In the absence of such a covenant, the lender has limited recourse until default. Granted that defaults are less likely, but once they occur, who is to say what the recovery rate may be?

In summary, if I'm borrowing, I'm long the additional flexibility (unless it costs much more); but as a lender, one has to expect that the severity of any defaults will be sharply higher than those having quality/coverage controls in place. This is the real downside that should be guarded against: lenders with large exposure to low-recourse, low-recovery loans which are or may defer interest or "pay-in-kind."

Wednesday, October 22, 2008

Pension Paradise

Here's a story from Professional Pensions we thought we'd relay without commenting on. We'll leave any judgments up to our readers (who may or may not be happy holders of pensions).

USS plans five-fold increase in alternative investments
Mark Selby

THE Universities Superannuation Scheme is set to increase its allocation to alternative investments.

The £29bn fund’s annual report revealed it is in the process of increasing its alternatives portfolio from 4% to 20% – investing in a mix of private equity, hedge funds and commodities.

USS saw its funding levels drop to 77% in March after rising to 98% in June 2007 using a gilts valuation measure.

USS head of alternatives Mike Powell said the aim of the alternatives portfolio was to deliver equity type returns but with lower risk.

He said: "In our view the recent turbulence in the hedge fund industry has provided USS with a great opportunity as a new entrant and will make USS a very attractive partner for hedge funds given our long term investment horizon.

"The fallout in the industry will also prove to be a great arbitrator of quality and skill amongst the huge number of hedge funds. The size of the allocation is not fixed and we allocate capital to where we see the best risk adjusted opportunities."

Wednesday, October 15, 2008

JPMorgan vs. Morgan Stanley

As an update to yesterday's piece, just to be fair to all parties involved, JPMorgan today stated they're newly bearish on AAA CLOs. Morgan Stanley yesterday described their bullish stance, saying that AAA CLOs could survive 10% CADR at 50% recovery rates. JPMorgan contend that widening is likely given the deep repressionary risk which will take its toll.

We'll keep you posted, but just a note that from an analytical perspective, unless (and this is a key "unless") the AAA tranches attaches (i.e., suffers any principal writedown), the value of the tranche will likely be higher for more severe default rate environments, as O/C trips will speed up payments to the AAAs. The shortened duration, then, improves the value when discount rates (DMs) -- as they are -- are higher than the promised coupon/spread on the tranche.

Tuesday, October 14, 2008

Are AAA CLOs "Safe?"

There's been a fair bit of structured finance research this month discussing, and mostly touting, the merits of investing in AAA CLO paper, which has been caught up in the generally widening market trend (currently trading around LIBOR + 475 bps).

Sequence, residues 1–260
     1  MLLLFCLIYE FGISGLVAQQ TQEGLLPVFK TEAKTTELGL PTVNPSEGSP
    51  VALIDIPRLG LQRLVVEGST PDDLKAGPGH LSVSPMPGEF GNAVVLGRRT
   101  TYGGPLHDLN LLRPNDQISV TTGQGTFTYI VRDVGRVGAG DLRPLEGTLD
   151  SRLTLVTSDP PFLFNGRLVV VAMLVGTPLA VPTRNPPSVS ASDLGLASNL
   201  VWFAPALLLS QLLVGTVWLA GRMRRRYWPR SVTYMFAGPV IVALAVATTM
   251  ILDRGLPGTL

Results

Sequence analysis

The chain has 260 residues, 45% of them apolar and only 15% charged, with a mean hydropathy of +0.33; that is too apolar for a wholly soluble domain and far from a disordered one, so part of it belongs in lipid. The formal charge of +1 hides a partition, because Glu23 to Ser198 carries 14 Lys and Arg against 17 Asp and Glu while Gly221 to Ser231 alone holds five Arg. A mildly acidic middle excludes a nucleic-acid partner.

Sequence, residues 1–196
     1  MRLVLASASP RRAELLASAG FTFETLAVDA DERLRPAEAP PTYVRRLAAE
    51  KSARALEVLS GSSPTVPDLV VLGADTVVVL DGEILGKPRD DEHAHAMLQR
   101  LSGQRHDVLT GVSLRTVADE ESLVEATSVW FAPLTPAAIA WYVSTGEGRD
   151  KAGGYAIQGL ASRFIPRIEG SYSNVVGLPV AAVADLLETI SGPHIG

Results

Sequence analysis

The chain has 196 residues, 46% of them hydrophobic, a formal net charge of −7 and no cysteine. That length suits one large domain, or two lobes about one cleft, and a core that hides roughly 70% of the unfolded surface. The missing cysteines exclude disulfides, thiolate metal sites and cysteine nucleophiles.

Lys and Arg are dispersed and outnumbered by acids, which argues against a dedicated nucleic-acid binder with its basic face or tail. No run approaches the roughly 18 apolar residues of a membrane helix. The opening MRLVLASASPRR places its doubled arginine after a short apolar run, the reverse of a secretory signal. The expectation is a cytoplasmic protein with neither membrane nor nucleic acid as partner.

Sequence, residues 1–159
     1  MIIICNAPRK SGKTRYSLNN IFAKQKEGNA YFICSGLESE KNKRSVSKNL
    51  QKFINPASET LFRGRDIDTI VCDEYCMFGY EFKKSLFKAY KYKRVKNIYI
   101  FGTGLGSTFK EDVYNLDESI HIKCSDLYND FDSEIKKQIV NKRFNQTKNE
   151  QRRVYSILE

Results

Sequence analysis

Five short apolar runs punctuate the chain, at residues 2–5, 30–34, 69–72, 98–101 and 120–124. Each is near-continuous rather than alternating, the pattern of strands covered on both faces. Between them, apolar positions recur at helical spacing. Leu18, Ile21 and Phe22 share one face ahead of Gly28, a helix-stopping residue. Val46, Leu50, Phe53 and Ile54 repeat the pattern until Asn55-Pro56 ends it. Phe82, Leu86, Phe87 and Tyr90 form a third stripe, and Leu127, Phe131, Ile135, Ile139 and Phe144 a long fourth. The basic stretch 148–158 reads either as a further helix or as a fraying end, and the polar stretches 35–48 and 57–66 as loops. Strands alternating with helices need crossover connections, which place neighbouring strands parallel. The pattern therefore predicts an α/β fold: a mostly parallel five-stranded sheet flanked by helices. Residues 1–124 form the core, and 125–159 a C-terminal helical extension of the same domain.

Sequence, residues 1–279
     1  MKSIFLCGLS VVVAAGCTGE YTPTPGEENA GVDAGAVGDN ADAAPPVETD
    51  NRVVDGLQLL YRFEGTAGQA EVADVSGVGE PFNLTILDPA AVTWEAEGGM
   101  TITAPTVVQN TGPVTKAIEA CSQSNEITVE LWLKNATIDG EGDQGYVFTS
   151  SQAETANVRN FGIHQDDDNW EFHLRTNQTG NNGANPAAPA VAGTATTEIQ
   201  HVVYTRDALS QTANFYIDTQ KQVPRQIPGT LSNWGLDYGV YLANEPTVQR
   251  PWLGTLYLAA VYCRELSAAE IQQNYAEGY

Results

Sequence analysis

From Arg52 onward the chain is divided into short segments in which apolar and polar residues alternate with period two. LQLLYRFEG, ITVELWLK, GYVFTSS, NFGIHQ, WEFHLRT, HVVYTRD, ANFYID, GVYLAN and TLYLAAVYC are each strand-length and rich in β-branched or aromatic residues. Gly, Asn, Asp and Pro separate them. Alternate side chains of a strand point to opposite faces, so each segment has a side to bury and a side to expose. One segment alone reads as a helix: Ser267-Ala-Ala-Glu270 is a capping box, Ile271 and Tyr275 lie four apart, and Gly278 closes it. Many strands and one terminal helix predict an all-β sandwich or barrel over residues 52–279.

For the most part, we expect the better cash CLO AAAs to avoid principal writedowns; generally, the underwriting standards for CLOs have improved over time, unlike their ABS CDO counterparts. Of course, the synthetic (LCDS) CDOs backed by senior secured loans (note: reference obligation is borrowed money) were not as fortunate. Many of these deals entered into an Event of Default upon Lehman's bankruptcy filing. See our prior pieces on Investigating the GIC and Eligible Investments for more on this.

For the leveraged/mark-to-market investor, we show a graph of the DM movement over the last 10 weeks -- based on just over 300 bid, offer and transactional data points since 07/31/08 -- and let you decide for yourself whether we're at the bottom:

(Click on it to enlarge the picture)

Tuesday, October 7, 2008

IOSCO's Call for Comments

The International Organization of Securities Commissions (IOSCO) put out this Consultation Report this morning -- with a request for comments -- on Best Practices for Funds of Hedge Funds. The comment period ends January 5, 2009.

This report develops their prior piece with respect to guidelines relating to (a) a fund of hedge funds' management of liquidity risk, and (b) their due diligence processes performed before and during the investment.

Thursday, October 2, 2008

A Parachute from the Past

With the troubled assets relief program (TARP) being omnipresent in the news these days, we thought we'd take you back to 1996 (based on CCA of 1990) Press Release.


PR-8-96 (2-6-96)

The FDIC Board of Directors today issued a final rule that, with certain exceptions, prohibits troubled holding companies, banks and thrifts from making "golden parachute" payments. These are typically large cash payments to executives who resign just before an institution is closed or sold. The regulation was issued under authority granted by the Crime Control Act of 1990.

The new rule also limits the ability of any holding company or FDIC-insured institution to pay the liabilities or legal expenses of an employee or director who is subject to an enforcement proceeding.

The statute permits the FDIC to prohibit or limit golden parachute and indemnification payments, but provides several exceptions, such as for qualified pension and retirement plans. Other exceptions have been added by the FDIC with the recognition that such payments have reasonable business purposes. The rule provides guidance to the industry on which payments are considered legitimate and which are considered abusive or improper.

The agency first proposed rules in this area in 1990, and then issued a second proposal for additional comment in March of last year. The final rule, which is similar to the 1995 proposal, becomes effective on April 1, 1996.

# # #

Congress created the Federal Deposit Insurance Corporation in 1933 to maintain public confidence in the nation's banking system. The FDIC insures deposits at the nation's 12,000 banks and savings associations and it promotes the safety and soundness of these institutions by identifying, monitoring and addressing risks to which they are exposed.